IFGH 2012: Screening Program in Children for Prevention of Chronic Renal Disease and Hypertension in the Peruvian Andes

January 29, 2012

Authors:HurtadoA.1,2 ,PandoJ.4,PadillaE.2,3,FigueroaJ.2,3

Author Affiliations: 1 Head of the Department of Nephrology, Arzobispo Loayza Hospital, Lima-Peru 2 Cayetano Heredia Peruvian University, Lima-Peru
3 Family Medicine Resident
4 Clinical Lecturer, Department of Paediatrics and Child Health, University College Cork (UCC), Ireland

Option 1– Scientific / Empirical Research Findings Presented as – Poster


  • To identify children and adolescents at risk for Renal Disease based on an early detection of proteinuria.
  • To slow the progression of chronic kidney disease (CKD) by early intervention after diagnosis. 


In September 2010, the Screening was started in the rural town of Llamellin (Peruvian Andes at 3200 meters above sea level) among school children.


1) Weights and heights 

2) Proteinuria: A clean-catch, midstream morning urine specimen was collected from the children 

The urine was screened for:

a) proteinuria and hematuria using standard urinary dipstick

b) microalbuminuria using micraltest 

3)Arterial Blood Pressure 


Between September and November 2010, 754 children from 5 schools in Llamellin were evaluated. In the first screening 0,5% had proteinuria, 4,9% had hematuria, 11, 3% had microalbuminuria. In the second screening none had hematuria or proteinuria, but 1,45% had microalbuminuria. Positive microalbuminuria in both screening was found in 11 children.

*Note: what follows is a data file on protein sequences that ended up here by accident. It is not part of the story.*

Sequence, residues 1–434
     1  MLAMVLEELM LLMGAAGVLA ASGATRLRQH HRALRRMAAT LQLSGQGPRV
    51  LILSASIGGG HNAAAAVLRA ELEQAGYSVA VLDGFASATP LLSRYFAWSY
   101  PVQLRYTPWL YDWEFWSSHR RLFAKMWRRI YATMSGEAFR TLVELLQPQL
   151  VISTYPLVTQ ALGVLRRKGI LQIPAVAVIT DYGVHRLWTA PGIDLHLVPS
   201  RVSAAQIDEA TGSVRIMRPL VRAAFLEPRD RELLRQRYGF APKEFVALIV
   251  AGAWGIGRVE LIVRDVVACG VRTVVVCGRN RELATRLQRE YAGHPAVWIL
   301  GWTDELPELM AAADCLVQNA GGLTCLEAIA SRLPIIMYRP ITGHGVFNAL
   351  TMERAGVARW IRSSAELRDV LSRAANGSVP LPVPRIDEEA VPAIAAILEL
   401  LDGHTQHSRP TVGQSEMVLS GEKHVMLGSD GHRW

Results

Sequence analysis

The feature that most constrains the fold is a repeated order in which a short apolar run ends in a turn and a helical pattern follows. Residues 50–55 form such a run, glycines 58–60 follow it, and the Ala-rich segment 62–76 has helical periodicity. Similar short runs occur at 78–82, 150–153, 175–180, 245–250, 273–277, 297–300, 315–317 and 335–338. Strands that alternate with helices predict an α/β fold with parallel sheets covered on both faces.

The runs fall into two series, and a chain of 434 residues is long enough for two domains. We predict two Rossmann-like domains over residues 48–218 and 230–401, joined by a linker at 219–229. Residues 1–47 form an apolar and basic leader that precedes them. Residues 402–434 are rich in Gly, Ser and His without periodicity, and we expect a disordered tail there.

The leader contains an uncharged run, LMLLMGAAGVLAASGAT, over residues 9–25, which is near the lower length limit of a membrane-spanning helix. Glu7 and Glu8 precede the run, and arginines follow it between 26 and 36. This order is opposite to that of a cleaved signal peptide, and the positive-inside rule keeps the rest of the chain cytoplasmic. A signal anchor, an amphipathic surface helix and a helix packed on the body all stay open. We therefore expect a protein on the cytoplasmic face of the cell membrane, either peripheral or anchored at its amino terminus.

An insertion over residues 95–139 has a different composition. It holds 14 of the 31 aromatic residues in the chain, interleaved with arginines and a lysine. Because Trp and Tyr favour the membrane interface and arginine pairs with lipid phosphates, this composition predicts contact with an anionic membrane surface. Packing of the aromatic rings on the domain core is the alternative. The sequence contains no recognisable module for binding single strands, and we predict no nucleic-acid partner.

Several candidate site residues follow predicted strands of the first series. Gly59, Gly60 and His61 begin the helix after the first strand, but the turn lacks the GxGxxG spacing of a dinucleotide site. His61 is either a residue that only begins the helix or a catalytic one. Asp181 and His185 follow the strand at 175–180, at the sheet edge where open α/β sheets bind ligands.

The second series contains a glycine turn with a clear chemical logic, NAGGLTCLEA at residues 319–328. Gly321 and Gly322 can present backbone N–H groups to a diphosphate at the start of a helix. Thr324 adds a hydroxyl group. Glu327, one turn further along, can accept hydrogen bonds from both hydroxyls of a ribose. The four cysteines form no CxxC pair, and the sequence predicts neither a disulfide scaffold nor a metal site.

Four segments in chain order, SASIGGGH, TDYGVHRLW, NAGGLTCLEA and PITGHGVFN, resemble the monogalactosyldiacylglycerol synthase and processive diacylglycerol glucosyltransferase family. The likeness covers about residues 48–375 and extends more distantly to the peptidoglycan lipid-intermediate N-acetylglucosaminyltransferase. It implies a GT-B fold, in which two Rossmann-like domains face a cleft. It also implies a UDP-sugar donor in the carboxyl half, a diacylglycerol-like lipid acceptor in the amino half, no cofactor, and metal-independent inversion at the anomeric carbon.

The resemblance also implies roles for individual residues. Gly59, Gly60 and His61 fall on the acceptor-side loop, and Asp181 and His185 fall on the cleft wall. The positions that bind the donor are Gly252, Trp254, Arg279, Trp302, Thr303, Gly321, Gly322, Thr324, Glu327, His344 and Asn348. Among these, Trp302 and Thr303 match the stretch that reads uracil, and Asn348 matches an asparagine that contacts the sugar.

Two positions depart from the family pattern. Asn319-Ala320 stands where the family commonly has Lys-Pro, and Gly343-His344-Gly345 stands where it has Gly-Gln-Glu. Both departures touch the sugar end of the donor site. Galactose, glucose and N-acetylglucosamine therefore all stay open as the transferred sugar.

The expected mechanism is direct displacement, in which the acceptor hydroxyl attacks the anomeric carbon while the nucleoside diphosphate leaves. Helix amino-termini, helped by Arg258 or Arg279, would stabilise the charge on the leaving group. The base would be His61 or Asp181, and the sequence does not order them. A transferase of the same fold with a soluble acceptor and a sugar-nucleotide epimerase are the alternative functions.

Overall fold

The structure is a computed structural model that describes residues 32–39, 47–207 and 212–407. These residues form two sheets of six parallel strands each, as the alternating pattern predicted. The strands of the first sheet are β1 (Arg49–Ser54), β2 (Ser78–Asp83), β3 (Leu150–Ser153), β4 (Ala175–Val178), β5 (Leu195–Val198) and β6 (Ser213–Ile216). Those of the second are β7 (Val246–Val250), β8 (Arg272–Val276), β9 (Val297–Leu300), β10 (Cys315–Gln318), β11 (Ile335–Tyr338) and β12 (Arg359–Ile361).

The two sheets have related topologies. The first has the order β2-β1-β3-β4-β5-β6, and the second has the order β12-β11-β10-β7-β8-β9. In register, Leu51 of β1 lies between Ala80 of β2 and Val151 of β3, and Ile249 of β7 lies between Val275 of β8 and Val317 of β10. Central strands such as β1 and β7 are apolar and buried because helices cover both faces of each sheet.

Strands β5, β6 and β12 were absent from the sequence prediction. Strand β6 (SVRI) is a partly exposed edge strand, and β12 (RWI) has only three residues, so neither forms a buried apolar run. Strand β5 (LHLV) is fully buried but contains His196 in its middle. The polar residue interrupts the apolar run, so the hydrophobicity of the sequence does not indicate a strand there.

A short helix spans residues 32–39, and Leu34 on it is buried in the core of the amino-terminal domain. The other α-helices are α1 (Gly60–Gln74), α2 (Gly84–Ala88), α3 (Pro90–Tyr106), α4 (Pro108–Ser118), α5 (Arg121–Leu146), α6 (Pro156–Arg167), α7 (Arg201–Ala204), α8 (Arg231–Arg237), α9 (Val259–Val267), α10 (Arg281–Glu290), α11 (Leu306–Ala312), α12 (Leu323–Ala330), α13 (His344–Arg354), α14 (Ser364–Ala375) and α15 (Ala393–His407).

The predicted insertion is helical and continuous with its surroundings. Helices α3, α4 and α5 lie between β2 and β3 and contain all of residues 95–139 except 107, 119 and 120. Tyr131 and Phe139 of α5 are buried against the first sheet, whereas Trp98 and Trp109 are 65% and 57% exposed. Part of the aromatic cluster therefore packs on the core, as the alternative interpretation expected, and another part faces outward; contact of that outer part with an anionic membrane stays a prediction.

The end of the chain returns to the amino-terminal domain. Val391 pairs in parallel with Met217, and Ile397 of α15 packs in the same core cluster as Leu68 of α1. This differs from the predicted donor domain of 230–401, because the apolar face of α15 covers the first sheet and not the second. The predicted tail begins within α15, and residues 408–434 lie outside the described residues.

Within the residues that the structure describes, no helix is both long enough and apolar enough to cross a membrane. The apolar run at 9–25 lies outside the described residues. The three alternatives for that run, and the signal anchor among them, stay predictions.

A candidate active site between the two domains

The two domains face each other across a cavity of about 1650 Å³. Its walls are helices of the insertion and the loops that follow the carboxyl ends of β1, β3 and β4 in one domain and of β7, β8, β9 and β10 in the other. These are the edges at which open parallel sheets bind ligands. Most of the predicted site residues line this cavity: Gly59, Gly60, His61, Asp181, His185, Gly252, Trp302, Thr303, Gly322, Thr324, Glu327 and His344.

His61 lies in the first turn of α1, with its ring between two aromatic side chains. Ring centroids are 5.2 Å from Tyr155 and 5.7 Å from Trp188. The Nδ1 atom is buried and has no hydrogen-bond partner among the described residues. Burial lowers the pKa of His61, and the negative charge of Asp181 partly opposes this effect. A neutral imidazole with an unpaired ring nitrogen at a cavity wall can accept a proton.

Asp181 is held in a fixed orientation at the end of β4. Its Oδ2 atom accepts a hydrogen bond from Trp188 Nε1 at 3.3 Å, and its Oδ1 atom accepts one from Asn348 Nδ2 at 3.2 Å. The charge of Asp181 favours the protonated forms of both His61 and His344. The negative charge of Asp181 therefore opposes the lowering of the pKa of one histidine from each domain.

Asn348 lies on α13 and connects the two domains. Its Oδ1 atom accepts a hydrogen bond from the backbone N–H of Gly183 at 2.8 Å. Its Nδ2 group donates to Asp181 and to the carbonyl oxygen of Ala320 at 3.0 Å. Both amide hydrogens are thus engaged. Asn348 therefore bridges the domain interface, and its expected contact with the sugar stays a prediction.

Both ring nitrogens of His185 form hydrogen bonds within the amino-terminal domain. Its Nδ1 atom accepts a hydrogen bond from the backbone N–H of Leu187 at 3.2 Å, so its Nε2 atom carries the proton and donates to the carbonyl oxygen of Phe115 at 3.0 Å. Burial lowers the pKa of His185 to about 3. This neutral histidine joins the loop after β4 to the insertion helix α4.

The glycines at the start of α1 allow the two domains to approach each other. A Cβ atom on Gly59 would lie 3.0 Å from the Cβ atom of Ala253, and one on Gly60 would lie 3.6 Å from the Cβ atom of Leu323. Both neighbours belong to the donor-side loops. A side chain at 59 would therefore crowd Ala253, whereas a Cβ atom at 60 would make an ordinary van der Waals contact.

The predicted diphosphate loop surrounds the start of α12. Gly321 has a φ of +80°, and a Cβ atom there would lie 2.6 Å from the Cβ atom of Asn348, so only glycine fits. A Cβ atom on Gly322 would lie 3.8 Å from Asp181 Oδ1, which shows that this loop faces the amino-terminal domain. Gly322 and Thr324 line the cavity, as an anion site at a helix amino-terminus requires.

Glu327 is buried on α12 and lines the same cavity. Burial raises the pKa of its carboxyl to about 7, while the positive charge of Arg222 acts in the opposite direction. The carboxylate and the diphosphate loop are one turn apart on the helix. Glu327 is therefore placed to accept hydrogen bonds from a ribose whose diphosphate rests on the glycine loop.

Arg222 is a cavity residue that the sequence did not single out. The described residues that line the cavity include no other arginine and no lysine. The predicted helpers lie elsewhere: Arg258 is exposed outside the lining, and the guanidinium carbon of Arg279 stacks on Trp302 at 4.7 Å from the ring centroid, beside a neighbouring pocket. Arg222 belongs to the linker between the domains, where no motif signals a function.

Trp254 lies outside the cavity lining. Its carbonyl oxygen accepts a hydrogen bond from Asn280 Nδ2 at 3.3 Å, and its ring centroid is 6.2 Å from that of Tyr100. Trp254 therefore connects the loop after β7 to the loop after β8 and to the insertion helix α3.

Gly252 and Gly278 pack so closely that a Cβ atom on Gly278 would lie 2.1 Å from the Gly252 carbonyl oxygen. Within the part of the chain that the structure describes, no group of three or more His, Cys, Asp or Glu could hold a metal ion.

In 2011, 149 children were screened. 13 children (8.7%) had positive microalbuminuria in 3 screenings.
All children with persistent microalbuminuria had normal creatinine and renal ultrasounds
In total, 14 children were started treatment with Enalapril. 9 children received treatment for at least 6 months. From these, 3/9 had negative microalbuminuria at the end of 6 months, in 3/9 microalbuminuria had diminished and in the 3 remaining, microalbuminuria persisted the same. 

Discussion/conclusions/ implications:
Populations living at high altitude such as in Llamellin (Peru), are exposed to many of the factors responsible for the development of CKD: low birth weight, malnutrition, and chronic hypoxia which recently has been recognized as responsible for renal injury.
Our results show a higher frequency of urinary abnormalities compared to those reported previously in children. Short term follow up of these children, show good response to treatment. 
Community-based mass screening, targeting populations at high risk for CKD, should prove to be cost-effective in the long term. 


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